How to Sustain Adaptive Planning
Scrum and other agile methods recognize that responsiveness to change is an important aspect of delivering projects. They also recognize that software development is evolutionary and creative. By managing changes through Adaptive planning, Scrum provides a simple yet effective method of planning and tracking project progress. In this article, we will examine what is needed to sustain Adaptive planning and improve Team’s responsiveness towards customer needs. We will examine the following factors:
Consider a scenario where the project is progressing as per plan, and in the middle of the project the customer approaches project manager with a request:
Customer: “I really need this functionality delivered in the project. But it is not part of the current scope. Can we make it happen as part of this project?”
Possible response #1: Project Manager: “Unless you are okay with budget overflow and/or schedule delay. Alternatively, we can revisit the project scope but it will require us to drop certain other functionality from the scope of this project. As the effort already spent on estimation and analysis of that functionality will be wasted, please be aware that it will impact productivity.”
Possible response #2: Project Manager: “Well, I am afraid the change control board (CCB) needs to decide this. The CCB meets in two weeks and once they approve that an investigation is needed, we can investigate and inform them about the impact on our plan. The CCB can then decide whether or not this functionality can be implemented.”
Possible response #3: Project Manager/Product Owner: “I do not see a problem as long as you are okay with dropping certain low priority items from current scope of the project and getting this functionality at the end of next Sprint, assuming it fits. Let’s get together and discuss.”
Although many responses are possible depending on the context, if the project is using Adaptive planning then a response similar to response #3 is more likely. Such a response demonstrates that the Team is well prepared to respond to change.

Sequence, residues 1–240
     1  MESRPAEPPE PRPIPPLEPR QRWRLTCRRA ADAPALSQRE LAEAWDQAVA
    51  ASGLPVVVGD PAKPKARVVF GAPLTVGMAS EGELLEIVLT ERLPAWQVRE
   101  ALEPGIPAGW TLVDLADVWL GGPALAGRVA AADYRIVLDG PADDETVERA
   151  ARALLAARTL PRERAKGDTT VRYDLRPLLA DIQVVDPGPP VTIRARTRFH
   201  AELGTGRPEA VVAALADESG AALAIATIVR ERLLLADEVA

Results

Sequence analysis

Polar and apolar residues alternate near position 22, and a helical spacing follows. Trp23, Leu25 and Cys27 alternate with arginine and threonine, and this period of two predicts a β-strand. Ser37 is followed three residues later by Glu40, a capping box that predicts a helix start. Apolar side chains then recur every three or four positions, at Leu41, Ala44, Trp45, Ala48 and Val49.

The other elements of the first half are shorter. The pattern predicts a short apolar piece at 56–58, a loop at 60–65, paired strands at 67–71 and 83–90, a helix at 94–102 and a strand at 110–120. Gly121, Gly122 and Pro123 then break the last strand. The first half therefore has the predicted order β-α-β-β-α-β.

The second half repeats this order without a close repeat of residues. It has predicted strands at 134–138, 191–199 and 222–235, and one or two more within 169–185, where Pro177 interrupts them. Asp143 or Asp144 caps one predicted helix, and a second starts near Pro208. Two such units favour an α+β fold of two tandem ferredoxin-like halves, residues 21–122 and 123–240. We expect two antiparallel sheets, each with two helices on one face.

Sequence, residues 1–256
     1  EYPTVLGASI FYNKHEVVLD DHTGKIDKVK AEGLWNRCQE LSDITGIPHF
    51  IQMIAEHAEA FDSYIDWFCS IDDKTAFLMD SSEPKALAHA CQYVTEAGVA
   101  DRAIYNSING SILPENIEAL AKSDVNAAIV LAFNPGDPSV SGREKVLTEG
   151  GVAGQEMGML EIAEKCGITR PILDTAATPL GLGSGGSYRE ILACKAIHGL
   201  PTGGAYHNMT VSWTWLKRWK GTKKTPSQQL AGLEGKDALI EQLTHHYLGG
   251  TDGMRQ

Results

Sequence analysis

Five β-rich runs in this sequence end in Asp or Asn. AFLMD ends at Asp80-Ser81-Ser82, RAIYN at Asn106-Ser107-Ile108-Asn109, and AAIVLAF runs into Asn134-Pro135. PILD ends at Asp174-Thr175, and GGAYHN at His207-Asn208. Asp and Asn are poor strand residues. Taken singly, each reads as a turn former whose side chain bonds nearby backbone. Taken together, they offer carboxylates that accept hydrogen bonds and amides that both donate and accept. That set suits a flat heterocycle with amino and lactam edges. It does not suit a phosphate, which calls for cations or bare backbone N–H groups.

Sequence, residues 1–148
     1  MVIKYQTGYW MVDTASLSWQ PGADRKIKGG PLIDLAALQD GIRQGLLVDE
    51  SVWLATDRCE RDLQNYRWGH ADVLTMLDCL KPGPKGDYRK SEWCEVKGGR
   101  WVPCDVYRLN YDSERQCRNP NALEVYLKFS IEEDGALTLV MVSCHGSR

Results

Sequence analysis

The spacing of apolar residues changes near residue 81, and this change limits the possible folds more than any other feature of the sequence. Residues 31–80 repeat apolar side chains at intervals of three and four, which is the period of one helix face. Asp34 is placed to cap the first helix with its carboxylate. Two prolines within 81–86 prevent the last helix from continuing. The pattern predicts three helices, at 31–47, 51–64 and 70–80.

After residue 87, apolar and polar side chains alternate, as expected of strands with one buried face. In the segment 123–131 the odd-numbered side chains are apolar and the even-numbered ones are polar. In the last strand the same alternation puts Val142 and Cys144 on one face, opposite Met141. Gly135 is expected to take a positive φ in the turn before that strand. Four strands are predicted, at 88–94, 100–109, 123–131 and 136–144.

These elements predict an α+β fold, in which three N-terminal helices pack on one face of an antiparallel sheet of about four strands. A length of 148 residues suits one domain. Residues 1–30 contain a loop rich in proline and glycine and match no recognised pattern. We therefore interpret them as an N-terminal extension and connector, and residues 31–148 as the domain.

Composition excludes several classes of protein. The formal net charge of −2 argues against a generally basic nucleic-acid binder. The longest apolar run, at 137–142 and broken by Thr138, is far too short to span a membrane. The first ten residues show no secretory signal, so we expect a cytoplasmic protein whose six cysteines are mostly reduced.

Making Adaptive planning work
– Just-enough planning
To begin with, requirements are understood at a very high level and thereafter, the rest of the planning is driven by priority. As a rule, lesser time is spent on figuring out the details of those requirements that do not have a very high priority. High priority bigger requirements are split into smaller ones so that details can be explored. Only relative size estimates (at a high level) are done at this point to get an idea of how “big” the work is. Once the work is quantified, tasks and effort are estimated for the highest priority requirements. That gives an idea of how much the Team can deliver in a Sprint. This idea is tested in the first Sprint and gives the Team a better understanding of its Velocity (or the size it can deliver in one Sprint). Using the Velocity, the Team is now in a better position to give commitments for later sprints.
– Evolving plan, scope driven by budget and/or time
As the project gets underway and the Team executes multiple sprints, the Team has better visibility on the customer needs. Likewise, the customer also understands the requirements better. This understanding results in evolution of the Product Backlog (e.g. changes in functionality and scope, priority). As the Product Backlog evolves, the size estimates are done for newly added requirements. The Product burndown chart shows how much work is remaining based on the revised scope in the Product Backlog. The work remaining is controlled usually by removing some low priority requirements (of size equal to the added requirements) from the scope. This ensures that scope is managed continuously based on highest priority requirements. Adapting the plan in this manner helps in providing better visibility to all stakeholders by tackling many important issues, such as:
– Grooming the scope